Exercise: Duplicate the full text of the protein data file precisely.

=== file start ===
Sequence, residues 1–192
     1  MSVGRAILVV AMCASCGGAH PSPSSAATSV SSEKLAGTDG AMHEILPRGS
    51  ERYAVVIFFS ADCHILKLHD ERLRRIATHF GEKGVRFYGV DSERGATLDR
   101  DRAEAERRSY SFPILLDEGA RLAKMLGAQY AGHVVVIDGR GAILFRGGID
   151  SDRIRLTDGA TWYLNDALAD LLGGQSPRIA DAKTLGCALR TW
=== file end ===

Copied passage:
Sequence, residues 1–192
     1  MSVGRAILVV AMCASCGGAH PSPSSAATSV SSEKLAGTDG AMHEILPRGS
    51  ERYAVVIFFS ADCHILKLHD ERLRRIATHF GEKGVRFYGV DSERGATLDR
   101  DRAEAERRSY SFPILLDEGA RLAKMLGAQY AGHVVVIDGR GAILFRGGID
   151  SDRIRLTDGA TWYLNDALAD LLGGQSPRIA DAKTLGCALR TW